Closing remarks by John Versantvoort, Head, Office of Anticorruption and Integrity, at the International Tax Cooperation in Asia: Virtual Workshop, 4 March 2022

Distinguished guests, colleagues, ladies, and gentlemen:
 
My name is John Versantvoort, and I am the Head of the Office of Anticorruption and Integrity.
 
First, let me thank the Study Group on Asian Tax Administration and Research (or SGATAR), the National Tax Agency of Japan, the National Tax College of Japan, and the Global Forum on Transparency and Exchange of Information for Tax Purposes. It has been a pleasure to co-host this workshop.
 
More importantly, let me thank all of you for participating in the workshop. I am delighted to learn that over 160 participants from 23 jurisdictions, including 20 ADB developing member countries attended this event. Let me explain why your participation is so important to me.
 
Governments in the region are experiencing unprecedented pressure on their financial resources for various reasons. Three are directly related to taxation.
 
Firstly, tax yields across developing countries in the Asia Pacific region have not kept pace with the strong and steady growth of the last decades. The tax-to-GDP ratio of South-East Asia and South Asia even remains below the 15% benchmark that is widely regarded as the minimum level for sustainable growth. This compares to an OECD average tax-to-GDP ratio of almost 25%.
 
Secondly, for the past two years countries have been struggling to fight the adverse health, economic and social impacts of the pandemic. Public debt and government expenditures of developing countries across the region have been rising while tax revenue collection has stalled. Many countries will now also need to brace themselves for further economic disruption from the Ukraine crisis. As a result, today we are faced with a situation where many of our developing countries have fallen behind on the road towards achieving the Sustainable Development Goals.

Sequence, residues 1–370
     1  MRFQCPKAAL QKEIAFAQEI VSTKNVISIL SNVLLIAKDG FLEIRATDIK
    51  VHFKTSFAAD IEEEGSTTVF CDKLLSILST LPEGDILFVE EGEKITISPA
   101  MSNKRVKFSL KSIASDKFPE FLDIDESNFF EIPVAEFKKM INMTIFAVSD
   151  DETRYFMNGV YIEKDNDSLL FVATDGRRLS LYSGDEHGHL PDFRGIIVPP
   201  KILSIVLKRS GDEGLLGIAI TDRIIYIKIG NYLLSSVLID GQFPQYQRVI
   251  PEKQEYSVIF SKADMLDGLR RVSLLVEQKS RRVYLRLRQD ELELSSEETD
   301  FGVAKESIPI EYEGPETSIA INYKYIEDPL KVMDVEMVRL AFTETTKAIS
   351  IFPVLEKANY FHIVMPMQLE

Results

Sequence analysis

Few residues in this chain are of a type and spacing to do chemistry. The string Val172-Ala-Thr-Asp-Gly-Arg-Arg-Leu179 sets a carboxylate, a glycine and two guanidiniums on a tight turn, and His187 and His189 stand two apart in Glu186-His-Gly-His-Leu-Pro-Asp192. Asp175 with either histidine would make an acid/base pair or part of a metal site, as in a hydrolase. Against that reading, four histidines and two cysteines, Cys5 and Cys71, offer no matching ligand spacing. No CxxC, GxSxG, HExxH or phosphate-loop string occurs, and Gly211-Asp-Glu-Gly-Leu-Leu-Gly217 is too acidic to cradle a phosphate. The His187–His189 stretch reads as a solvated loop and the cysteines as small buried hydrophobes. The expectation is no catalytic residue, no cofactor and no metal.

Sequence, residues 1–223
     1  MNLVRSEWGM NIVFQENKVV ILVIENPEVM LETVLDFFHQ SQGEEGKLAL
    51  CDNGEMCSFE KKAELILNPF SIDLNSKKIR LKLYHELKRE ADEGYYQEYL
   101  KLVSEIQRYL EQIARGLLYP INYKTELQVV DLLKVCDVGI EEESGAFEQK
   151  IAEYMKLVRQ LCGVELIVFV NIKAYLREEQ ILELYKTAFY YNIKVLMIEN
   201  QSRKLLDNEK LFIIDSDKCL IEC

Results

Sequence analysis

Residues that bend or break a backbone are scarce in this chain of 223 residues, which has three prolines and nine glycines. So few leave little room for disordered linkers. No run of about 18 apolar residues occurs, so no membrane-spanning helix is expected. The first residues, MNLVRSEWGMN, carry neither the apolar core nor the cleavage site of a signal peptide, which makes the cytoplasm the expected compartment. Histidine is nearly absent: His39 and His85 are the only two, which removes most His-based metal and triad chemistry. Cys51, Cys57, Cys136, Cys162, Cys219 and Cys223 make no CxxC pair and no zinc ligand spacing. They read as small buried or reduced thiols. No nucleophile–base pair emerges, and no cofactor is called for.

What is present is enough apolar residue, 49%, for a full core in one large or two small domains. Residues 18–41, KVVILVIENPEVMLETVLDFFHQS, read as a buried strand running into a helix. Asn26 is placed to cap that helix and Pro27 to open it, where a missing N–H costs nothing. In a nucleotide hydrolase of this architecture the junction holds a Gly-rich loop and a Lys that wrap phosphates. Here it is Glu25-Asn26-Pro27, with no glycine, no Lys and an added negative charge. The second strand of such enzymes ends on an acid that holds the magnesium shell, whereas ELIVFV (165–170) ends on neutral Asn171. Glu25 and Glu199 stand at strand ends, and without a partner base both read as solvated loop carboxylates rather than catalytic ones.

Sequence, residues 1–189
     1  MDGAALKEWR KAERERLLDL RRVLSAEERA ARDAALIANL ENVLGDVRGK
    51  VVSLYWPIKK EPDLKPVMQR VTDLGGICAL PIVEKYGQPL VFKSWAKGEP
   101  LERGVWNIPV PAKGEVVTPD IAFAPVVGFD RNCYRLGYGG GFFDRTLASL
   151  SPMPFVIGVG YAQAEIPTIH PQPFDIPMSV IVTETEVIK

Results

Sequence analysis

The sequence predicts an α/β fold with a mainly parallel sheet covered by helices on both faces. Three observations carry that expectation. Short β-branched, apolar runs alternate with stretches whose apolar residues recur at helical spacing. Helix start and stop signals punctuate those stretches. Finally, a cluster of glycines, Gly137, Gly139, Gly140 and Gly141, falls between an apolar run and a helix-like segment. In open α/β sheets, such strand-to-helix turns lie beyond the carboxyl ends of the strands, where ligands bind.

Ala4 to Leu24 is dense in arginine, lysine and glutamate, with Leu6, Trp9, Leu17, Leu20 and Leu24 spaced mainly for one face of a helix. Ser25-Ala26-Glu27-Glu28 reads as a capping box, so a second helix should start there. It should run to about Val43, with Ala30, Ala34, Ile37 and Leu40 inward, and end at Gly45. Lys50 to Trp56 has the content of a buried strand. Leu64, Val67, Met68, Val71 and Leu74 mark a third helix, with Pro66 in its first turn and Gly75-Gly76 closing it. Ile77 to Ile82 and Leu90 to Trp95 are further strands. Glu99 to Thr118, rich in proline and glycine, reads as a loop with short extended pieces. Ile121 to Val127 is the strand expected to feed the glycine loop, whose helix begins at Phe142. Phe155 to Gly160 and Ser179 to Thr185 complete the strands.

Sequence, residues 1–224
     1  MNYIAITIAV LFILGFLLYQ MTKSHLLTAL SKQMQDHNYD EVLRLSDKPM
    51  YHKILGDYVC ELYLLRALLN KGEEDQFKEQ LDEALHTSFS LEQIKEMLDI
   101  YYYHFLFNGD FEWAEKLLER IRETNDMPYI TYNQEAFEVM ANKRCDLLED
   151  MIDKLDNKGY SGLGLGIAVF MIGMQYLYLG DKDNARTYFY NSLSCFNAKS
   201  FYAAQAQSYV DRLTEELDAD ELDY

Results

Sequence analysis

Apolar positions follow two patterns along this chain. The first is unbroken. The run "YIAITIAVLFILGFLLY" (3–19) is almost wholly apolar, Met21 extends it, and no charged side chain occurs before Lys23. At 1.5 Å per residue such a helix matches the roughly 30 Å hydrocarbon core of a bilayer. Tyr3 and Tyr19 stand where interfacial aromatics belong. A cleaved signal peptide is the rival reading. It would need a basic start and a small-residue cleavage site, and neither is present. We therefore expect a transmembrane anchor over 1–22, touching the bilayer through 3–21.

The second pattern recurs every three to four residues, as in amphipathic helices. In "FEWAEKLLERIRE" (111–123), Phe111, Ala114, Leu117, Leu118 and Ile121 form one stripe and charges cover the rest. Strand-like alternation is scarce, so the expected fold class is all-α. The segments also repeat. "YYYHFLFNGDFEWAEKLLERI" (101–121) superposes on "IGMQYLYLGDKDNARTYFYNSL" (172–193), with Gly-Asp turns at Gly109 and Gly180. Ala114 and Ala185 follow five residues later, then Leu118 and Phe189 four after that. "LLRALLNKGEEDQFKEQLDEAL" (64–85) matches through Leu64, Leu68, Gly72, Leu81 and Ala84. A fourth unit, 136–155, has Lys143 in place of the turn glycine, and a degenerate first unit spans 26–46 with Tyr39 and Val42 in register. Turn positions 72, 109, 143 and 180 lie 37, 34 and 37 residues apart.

Thirdly, many countries in the region are confronted with the scourge of tax evasion and other illicit financial flows. These corrupted money flows diminish domestic revenues, undermine the ability of government to provide basic services for its citizens, and erode the trust in public institutions that is so essential for achieving the Sustainable Development Goals.
 
It has been estimated that the Asia-Pacific region needs to spend $1.5 trillion (or 5 percent of GDP) annually to close the gap in implementation of the Sustainable Development Goals. A report released by the UN’s High-Level Panel on Financial Accountability, Transparency and Integrity (FACTI) in February 2021 found that developing countries instead lose trillions of dollars to illicit financial flows every year. As a matter of fact, the UN Economic and Social Commission for Asia and the Pacific estimates that this region accounts for some 40% of global illicit financial flows.
 
International tax cooperation, specifically tax transparency and exchange of information, have become essential tools to combat tax evasion. It has been shown that this type of cooperation between tax authorities leads to improved tax compliance and tax revenue collection. Effective implementation of the tax transparency standards should therefore be a key component of a country’s domestic resource mobilization strategy. Unfortunately, implementation of these standards in the Asia-Pacific region is lagging. Out of ADB’s 46 developing member countries, 19 are not yet members of the Global Forum, and 22 have not yet signed the Multilateral Convention on Mutual Administrative Assistance in Tax Matters (MAAC).